Or – “Take It From Me, Parents Just Don’t Understand.”
Young Avengers has been kind of an oddball title, but in a very good way, as Gillen & McKelvie have delivered quirky, character-driven teenage action that is nonetheless firmly set in the Marvel Universe. Now that they’ve been able to escape Teddy’s nefarious mom, only to leap straight into the clutches of Loki’s insidious father. Are the Young Avengers doomed before they’ve even fully assembled? Your Major Spoilers review awaits!
YOUNG AVENGERS #3
Writer: Kieron Gillen
Artist(s): Jamie McKelvie with Mike Norton
Colorist: Matthew Wilson
Letterer: VC’s Clayton Cowles
Editor: Lauren Sankovitch
Publisher: Marvel Comics
Cover Price: $3.99
Previously, in Young Avengers: Loki had a Journey Into Mystery, Wiccan had a Children’s Crusade, Hulkling will organize your sock drawer, Miss America had some Vengeance, Marvel Boy had a terrible name and Katie Bishop is Hawkguy-Girl. Together, they are the new Young Avengers. Trouble is, they’ve never been together…
HARD TO CAPTURE THE YOUTH VIBE, BUT THIS FEELS LEGIT.
The “Previously” page in this issue, like the previous, is patterned after a Tumblr page (called a Yamblr here) and has some fun, if overly snarky bits and pieces that explain what has come before. While the only thing I know about youth culture is Young Zach’s squeaky exclamations about dubstep, Vine and candy bracelets, the tone of this book is wonderful. On the first page, we see Heimdall and Volstagg The Voluminous looking down from Asgard as Laufey the frost giant attacks the trio of Hulking, Wiccan and Loki. “Ah, to be young,” muses the fat Asgardian, before wandering off in search of ale and food. There’s a wonderfully slick precision to the art of Jamie McKelvie, a very precise line that I find extremely lovely to look at, making even a monstrous blue Aesir look kinda gorgeous, and when the statuesque Miss America arrives to provide the battle save, it took my breath away. Interestingly, HER parents show up as well, and it’s only by the grace of snotty Little Loki that all four teens aren’t left a smear on the pavement. There’s dissension in the ranks, manipulations from Loki, and some nice moments of reality (fake ID’s are easy when you’ve got Asgardian glamors on your side, while Billy tries to get in touch with Kate Bishop, only to find her tweeting about Skrulls and cute boys, for reasons seen last ish.)
A “GAME OF THRONES” ANALOGY…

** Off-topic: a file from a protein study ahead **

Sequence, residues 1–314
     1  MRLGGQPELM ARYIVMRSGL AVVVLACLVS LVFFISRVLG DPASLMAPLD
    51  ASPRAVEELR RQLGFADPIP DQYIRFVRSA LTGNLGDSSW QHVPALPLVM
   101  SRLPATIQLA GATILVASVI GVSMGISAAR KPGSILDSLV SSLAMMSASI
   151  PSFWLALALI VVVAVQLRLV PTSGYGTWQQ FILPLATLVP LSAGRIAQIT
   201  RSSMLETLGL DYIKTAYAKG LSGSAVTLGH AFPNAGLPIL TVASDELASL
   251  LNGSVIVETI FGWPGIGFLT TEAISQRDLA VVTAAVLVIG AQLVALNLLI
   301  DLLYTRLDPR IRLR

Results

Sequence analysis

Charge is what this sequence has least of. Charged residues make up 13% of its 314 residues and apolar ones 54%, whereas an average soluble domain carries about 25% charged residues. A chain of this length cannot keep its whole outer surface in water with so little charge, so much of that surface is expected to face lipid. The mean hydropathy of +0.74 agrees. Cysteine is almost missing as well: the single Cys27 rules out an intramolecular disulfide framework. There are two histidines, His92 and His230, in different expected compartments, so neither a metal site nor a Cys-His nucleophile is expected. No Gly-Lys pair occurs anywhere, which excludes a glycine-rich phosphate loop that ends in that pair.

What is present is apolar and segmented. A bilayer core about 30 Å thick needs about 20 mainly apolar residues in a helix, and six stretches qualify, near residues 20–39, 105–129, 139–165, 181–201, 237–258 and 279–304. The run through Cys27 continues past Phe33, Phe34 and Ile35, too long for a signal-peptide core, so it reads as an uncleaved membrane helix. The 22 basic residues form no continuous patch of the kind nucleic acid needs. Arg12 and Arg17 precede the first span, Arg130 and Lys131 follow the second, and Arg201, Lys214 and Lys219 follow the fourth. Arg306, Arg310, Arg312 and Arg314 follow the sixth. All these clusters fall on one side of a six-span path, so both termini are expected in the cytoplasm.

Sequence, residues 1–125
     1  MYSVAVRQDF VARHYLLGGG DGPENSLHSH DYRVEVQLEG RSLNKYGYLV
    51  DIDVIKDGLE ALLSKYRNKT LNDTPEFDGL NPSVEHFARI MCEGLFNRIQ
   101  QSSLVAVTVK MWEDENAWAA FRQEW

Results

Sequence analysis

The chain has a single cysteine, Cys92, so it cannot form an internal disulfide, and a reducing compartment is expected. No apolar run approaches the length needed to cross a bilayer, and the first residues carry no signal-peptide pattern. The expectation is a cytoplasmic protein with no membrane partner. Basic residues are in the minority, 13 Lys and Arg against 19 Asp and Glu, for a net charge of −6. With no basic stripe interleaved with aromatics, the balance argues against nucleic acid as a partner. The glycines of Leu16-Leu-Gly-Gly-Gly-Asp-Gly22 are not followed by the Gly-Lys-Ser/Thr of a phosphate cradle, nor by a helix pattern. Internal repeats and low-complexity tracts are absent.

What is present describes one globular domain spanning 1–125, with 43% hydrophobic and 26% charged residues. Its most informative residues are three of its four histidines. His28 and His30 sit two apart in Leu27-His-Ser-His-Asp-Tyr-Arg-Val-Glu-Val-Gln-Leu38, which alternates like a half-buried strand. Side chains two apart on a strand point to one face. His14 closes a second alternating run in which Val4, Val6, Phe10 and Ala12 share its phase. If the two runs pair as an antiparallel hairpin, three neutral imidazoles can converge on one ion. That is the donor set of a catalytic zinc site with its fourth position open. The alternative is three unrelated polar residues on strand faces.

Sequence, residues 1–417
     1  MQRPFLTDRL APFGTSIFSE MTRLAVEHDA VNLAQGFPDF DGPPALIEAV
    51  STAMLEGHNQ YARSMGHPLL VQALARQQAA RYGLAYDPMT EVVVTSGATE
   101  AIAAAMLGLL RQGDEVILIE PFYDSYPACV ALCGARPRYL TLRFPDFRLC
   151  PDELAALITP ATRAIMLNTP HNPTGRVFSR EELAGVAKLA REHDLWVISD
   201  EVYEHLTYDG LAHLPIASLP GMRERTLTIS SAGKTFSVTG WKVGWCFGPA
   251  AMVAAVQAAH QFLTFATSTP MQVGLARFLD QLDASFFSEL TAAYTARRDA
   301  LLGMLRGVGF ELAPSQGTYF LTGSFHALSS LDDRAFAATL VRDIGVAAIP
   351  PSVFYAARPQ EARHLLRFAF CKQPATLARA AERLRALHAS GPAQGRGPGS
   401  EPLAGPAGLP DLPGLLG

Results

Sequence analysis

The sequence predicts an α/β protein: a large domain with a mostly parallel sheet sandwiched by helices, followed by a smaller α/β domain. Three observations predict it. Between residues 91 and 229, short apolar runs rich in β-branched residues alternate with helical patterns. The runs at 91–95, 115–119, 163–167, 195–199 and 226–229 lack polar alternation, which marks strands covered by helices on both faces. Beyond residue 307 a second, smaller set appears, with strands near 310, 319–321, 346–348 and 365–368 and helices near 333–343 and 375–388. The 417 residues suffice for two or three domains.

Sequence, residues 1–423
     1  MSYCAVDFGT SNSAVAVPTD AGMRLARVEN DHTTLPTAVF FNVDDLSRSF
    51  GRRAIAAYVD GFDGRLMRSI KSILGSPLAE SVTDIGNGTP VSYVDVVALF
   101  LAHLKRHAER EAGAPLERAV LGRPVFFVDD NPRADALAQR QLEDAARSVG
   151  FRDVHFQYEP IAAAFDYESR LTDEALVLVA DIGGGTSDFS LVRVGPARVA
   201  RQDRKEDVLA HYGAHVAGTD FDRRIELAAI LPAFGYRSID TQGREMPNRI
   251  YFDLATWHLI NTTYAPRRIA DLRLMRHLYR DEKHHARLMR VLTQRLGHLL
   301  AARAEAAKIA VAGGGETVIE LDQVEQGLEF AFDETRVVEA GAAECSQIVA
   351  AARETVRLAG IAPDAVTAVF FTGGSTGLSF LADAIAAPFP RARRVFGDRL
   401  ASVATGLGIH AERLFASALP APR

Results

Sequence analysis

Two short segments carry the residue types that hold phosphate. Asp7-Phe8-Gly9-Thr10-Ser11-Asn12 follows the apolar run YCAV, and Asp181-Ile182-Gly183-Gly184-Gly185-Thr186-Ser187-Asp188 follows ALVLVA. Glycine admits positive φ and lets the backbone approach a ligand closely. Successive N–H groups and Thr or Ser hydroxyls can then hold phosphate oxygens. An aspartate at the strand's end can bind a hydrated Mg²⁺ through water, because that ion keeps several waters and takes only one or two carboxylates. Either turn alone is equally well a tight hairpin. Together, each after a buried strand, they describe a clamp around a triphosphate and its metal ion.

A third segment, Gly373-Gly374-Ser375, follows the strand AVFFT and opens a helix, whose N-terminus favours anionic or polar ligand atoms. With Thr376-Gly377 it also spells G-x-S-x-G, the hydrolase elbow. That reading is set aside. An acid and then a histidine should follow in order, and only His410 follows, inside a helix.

Loki’s interactions are once again the center of the lunacy (and the source of much amusement) this issue, as he tries to talk Wiccan into “loaning” Loki all his massive reality-warping power so that the Lokester can unravel the messy parent-attracting spell. The reaction shot to this is simply beautiful work, a silent panel full of utter contempt, disbelief and a tinge of anger from Wiccan, America and Hulkling. The mix of pictures and words is delicate and perfect throughout the issue, and the fight sequence between young heroes and super-parents is pretty glorious to behold, especially because none of it HAD to happen if the kids hadn’t been arrogant. (Kind of reminds me of a lot of things that happen in Critical Hit, now that I mention it.) As the issue ends, our heroes are overwhelmed, all seems lost, and the evil Skrullian mom is ready to eat their souls with no chance of escape. It’s a fun cliffhanger without an obvious solution, and one that makes me want next issue RIGHT NOW. There are a lot of interesting and different titles in play during Marvel NOW!, and this is one of the most promising to me. I dearly hope they can stay on a monthly schedule…
THE BOTTOM LINE: IT’S A GOODY.
In short, I expect that you may already have an expectation about this book: The art doesn’t look “Marvely.” It’s a hipster book. It’s slick and glib and blah blah blah fishcakes. All of that has a grain of truth, especially the part about it not seeming like a typical Marvel book, but there’s a lot to love here, in a lovely well-designed little package, and if you let those expectations deter you from buying a book this good, you’re doing yourself a huge disservice. Young Avengers #3 should be a must-buy for fans of ‘Journey Into Mystery,’ as well as fans of clear art and clever story-telling, earning a very strong 4 out of 5 stars overall.
DID YOU READ THIS ISSUE? RATE IT!